Meat, fish, and poultry, cooked
1 oz: about 3 tbsp meat or poultry
2 oz: small chicken drumstick or thigh
3 oz: average deck of cards, palm of average adult’s hand, half of a whole, small chicken breast, medium pork chop

1 oz hard cheese: average person’s thumb, 2 dominoes, 4 dice

2 tbsp peanut butter: Ping-Pong ball
1⁄3 cup nuts: level handful for average adult
1⁄2 cup: half a baseball or base of computer mouse
1 cup: tennis ball or fist of average adult

Source: Susan E. Gebhardt and Robin G. Thomas, "Nutritive Value of Foods", USDA Agricultural Research Service, Home and Garden Bulletin, Number 72, rev. October 2002

Top 20 Healthiest Foods

So what are top 20 healthiest foods? I thought this would be easy research, but like most anything, the answer is: it depends. What are you measuring for: antioxidants? Vitamins? Proteins? By season? By cultural acceptance? These and other variables/parameters will control the outcome of any list making efforts.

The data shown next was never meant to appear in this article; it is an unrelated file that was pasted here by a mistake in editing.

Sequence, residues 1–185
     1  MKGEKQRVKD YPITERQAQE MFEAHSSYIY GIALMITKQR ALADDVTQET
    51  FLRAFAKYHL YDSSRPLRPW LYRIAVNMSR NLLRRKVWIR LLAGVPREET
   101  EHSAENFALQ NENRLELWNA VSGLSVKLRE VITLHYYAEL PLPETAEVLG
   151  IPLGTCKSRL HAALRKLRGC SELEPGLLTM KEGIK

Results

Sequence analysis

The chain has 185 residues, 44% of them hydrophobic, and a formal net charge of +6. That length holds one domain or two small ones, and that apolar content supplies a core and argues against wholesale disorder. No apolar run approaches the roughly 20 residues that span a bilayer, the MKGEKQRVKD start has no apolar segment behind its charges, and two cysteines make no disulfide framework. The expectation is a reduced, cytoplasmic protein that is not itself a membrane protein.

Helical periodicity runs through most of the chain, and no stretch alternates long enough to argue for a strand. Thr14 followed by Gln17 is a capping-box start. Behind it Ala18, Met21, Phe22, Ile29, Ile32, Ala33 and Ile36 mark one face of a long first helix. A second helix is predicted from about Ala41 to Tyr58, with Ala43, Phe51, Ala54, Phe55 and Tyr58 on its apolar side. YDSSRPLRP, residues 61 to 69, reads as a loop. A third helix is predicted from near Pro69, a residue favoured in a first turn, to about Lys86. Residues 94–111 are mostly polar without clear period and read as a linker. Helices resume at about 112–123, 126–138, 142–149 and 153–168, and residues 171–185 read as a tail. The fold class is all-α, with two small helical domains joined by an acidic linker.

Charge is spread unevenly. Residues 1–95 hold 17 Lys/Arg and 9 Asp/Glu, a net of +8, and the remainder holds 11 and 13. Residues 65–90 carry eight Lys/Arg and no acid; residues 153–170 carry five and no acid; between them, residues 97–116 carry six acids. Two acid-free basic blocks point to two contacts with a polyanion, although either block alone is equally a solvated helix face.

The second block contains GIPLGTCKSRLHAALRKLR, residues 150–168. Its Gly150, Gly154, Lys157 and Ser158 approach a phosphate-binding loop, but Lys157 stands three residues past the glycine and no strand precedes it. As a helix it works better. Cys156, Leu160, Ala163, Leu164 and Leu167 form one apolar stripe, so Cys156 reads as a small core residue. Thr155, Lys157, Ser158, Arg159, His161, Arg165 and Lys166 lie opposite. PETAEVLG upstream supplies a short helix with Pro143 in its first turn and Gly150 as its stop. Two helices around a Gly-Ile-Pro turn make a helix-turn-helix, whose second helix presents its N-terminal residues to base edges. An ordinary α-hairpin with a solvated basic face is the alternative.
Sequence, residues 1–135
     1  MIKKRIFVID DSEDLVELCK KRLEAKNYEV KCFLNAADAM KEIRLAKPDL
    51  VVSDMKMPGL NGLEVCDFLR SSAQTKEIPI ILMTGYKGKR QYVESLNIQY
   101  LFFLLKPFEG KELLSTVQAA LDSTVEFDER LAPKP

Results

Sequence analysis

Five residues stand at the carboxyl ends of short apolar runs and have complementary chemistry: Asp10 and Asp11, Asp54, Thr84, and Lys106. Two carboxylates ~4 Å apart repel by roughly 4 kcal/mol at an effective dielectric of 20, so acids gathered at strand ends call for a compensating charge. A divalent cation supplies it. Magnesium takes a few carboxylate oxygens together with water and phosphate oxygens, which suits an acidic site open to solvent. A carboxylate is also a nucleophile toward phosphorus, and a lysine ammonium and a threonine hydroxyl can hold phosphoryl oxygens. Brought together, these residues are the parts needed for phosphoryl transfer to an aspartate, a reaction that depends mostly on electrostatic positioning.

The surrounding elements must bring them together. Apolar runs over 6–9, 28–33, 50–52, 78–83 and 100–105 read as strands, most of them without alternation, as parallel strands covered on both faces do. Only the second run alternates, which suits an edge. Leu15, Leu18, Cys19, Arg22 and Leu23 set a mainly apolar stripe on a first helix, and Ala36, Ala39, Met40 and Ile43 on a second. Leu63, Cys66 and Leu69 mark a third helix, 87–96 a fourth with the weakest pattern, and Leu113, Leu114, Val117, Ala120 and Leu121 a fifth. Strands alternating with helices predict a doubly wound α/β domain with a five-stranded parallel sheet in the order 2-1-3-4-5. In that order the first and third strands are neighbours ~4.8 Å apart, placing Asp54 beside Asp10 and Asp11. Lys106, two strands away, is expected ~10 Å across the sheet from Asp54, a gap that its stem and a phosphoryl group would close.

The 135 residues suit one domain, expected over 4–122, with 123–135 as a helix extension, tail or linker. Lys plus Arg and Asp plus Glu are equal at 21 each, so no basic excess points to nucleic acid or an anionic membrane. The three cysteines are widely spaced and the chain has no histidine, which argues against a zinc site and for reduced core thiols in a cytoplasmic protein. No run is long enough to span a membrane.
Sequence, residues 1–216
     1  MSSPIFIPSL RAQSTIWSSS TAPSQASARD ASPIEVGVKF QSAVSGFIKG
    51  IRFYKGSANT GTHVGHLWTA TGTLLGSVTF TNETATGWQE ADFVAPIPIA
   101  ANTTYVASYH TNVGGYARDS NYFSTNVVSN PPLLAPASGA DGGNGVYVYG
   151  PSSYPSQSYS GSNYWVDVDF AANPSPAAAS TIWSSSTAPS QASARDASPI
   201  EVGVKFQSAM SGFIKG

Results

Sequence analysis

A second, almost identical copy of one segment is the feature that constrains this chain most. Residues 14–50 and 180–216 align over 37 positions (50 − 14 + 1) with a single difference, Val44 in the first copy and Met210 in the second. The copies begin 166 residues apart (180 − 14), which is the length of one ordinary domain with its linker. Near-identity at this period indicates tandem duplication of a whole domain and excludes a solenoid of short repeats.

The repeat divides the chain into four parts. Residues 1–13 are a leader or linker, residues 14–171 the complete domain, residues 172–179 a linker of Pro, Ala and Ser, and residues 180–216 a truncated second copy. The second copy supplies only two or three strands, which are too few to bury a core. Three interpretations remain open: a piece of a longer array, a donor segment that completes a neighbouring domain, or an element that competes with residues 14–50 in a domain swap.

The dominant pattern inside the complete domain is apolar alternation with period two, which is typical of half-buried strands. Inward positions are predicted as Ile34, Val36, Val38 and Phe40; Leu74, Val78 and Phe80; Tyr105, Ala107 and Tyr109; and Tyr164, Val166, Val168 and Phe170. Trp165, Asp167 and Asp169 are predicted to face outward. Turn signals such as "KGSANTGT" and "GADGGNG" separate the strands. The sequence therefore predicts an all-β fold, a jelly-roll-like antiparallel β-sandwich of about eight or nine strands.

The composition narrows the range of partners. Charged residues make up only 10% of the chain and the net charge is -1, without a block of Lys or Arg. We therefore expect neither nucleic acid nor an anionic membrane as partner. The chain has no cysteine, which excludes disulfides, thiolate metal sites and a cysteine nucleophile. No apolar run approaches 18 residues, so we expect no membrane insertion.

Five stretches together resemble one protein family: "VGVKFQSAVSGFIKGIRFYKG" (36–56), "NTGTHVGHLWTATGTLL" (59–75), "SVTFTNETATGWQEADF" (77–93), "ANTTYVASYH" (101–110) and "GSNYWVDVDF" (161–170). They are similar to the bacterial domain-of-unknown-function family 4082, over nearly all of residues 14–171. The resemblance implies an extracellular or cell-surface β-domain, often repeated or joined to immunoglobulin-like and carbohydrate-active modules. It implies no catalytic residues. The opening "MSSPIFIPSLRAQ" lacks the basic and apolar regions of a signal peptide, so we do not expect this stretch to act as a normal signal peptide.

However, there are some that appear on more lists than others.

I dove in by doing a Google search on "Top 20 healthiest foods". I selected lists from the first two Google hit pages, choosing what appeared to be the top 4 lists, alphabetized them, and then looked to see which foods appeared on the most lists. I am sure I have a subjective lens, so please chew on this and let me know if there are some additions or changes you may suggest.

Dried Beans (lentils, kidney, pinto, red, soy)
Fatty (oily) fish
Herbs, spices
Low fat dairy
Nuts and Seeds
Olive Oil